Database Functions in Elm-Time - Easy Database Updates in Production

Last week, I added this new feature in Elm-Time, helping manage and update production databases using custom Elm functions.

It’s called ‘Database Functions’ and lets you to apply Elm functions on your database.

You can see it in action in this demo video:

The Problem of Updating a Database Online in Production

Elm-Time is the runtime for the Elm programming language that radically simplifies the development and operation of web services and full-stack web apps.

Although running a backend on Elm-Time is generally a smooth experience, I was not satisfied with the options for manually editing the Elm application state.

For example, I sometimes add items to user accounts as special rewards or delete an account. This means changing the database that is running online in production. The database transactions to make these changes should be quick, as I want to avoid service interruptions. And I also want to avoid a complex preparation: The smaller the project, the more likely I prefer manually entering these changes instead of wiring it up in the application program code.

What had been our options to update a database online in production?

In general, the admin interface is the way to make changes without involving the app’s main update function. In earlier versions, the options here were the backup/restore APIs or a migration.

Using the backup and restore APIs for such an update is impractical: If we don’t pause the processing of application events, we would effectively erase updates between reading the old state and setting the new state.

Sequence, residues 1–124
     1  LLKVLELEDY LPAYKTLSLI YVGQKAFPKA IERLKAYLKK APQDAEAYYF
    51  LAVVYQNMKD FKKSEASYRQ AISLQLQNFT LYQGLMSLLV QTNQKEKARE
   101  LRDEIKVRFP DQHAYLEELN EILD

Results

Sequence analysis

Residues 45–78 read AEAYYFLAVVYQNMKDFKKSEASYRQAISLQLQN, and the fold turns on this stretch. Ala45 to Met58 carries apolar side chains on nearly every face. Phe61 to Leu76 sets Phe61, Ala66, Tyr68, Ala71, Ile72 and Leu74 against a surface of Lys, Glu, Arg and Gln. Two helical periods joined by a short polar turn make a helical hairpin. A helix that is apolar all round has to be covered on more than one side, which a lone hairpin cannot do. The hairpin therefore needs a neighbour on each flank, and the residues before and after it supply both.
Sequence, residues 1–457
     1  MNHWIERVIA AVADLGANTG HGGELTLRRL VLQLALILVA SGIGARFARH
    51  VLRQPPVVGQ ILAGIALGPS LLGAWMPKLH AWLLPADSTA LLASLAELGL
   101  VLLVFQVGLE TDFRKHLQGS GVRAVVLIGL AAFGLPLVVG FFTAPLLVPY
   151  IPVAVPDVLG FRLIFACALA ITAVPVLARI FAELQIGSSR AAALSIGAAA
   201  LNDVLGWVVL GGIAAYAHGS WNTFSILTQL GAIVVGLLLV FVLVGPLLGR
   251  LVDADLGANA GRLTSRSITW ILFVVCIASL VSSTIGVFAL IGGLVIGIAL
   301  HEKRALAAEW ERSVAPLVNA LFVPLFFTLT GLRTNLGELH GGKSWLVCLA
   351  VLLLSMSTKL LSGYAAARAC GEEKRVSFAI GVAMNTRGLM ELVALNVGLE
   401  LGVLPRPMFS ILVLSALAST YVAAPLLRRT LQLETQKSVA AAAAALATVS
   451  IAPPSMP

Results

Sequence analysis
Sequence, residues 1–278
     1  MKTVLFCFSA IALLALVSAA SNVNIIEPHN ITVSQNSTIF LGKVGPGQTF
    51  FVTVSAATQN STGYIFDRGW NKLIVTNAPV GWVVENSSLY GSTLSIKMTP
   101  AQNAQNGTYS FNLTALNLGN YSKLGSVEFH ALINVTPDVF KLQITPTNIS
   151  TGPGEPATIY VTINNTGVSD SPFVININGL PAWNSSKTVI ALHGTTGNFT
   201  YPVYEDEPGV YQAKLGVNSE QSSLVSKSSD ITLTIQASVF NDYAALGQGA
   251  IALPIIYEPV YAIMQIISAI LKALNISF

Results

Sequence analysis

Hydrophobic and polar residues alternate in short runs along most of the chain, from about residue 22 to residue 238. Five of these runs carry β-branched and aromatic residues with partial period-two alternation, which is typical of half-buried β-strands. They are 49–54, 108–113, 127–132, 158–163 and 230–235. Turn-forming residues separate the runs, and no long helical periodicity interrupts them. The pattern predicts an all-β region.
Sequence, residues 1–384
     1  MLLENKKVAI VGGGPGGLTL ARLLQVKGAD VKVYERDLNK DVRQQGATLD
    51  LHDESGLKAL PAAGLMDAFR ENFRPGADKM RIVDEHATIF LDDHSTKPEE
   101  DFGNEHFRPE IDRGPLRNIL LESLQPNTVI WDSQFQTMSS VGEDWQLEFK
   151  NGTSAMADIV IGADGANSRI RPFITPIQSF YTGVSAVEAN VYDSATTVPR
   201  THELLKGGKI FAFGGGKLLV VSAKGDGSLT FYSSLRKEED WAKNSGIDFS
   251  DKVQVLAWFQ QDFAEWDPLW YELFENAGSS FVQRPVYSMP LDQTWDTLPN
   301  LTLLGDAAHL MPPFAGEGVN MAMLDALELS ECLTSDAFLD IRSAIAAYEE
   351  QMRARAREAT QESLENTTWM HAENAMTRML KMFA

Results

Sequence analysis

Updates via migrations, on the other hand, guarantee isolation and consistency. As we discovered earlier, we support applying a migration function on any deployment, not only when the state type changes.

So yes, we can use a migration function to update the database correctly. But this is unwieldy as it requires running a deployment. The idea for today’s solution has been around for some time. And this month, I felt frustrated enough to prioritize it.

So how does the new feature make this easier?

It enables us to apply update functions with custom arguments using the admin interface.

Using Database Functions in Elm-Time

To make a function available on the admin interface, we place it in an Elm module named Backend.ExposeFunctionsToAdmin.

Let’s look at an example that exposes three function declarations this way. Below is an excerpt from an example application at

module Backend.ExposeFunctionsToAdmin exposing (..)

import Backend.State
import Dict
import UserAccount

listNewUserAccounts :
    { accountMaximumAgeInDays : Int }
    -> Backend.State.State
    -> List { accountId : String, accountAgeInDays : Int }
listNewUserAccounts { accountMaximumAgeInDays } state =

deleteUserAccountById : String -> Backend.State.State -> Backend.State.State
deleteUserAccountById userAccountId stateBefore =
    { stateBefore
        | usersAccounts = stateBefore.usersAccounts |> Dict.remove userAccountId

userAccountAddCreditBalanceEvent :
    { userAccountId : String, addedCredits : Int, reasonText : String }
    -> Backend.State.State